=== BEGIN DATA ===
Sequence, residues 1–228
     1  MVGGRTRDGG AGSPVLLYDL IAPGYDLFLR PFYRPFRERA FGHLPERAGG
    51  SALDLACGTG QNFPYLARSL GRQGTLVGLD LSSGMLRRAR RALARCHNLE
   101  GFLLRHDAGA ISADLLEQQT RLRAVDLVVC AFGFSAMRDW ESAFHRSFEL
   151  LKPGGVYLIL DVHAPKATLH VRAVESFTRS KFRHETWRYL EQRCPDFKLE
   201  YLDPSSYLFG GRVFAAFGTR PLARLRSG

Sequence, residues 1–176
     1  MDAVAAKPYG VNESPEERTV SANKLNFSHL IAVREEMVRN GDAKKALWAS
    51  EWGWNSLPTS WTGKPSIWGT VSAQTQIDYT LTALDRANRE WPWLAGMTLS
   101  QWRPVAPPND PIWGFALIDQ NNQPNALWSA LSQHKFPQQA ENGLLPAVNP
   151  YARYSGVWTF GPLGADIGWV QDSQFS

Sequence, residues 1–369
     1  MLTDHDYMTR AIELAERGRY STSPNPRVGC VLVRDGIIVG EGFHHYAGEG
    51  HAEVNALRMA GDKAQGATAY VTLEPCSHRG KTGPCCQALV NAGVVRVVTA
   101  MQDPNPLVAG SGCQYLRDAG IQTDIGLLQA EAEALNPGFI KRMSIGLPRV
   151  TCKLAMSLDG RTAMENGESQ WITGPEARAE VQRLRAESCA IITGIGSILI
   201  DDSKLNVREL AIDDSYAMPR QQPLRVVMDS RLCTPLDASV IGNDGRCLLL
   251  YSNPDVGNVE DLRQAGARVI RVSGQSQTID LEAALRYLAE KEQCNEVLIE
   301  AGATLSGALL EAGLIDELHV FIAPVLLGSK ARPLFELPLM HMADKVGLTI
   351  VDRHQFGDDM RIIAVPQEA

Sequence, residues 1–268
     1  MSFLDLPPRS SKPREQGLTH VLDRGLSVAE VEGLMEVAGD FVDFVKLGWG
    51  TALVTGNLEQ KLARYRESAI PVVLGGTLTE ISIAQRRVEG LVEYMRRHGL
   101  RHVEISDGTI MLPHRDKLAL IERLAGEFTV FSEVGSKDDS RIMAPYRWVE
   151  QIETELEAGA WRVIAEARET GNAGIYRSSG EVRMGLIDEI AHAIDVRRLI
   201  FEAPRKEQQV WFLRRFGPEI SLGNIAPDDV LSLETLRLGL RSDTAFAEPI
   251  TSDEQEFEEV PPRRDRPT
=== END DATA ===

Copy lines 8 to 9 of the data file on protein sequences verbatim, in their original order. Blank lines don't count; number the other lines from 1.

     1  MDAVAAKPYG VNESPEERTV SANKLNFSHL IAVREEMVRN GDAKKALWAS
    51  EWGWNSLPTS WTGKPSIWGT VSAQTQIDYT LTALDRANRE WPWLAGMTLS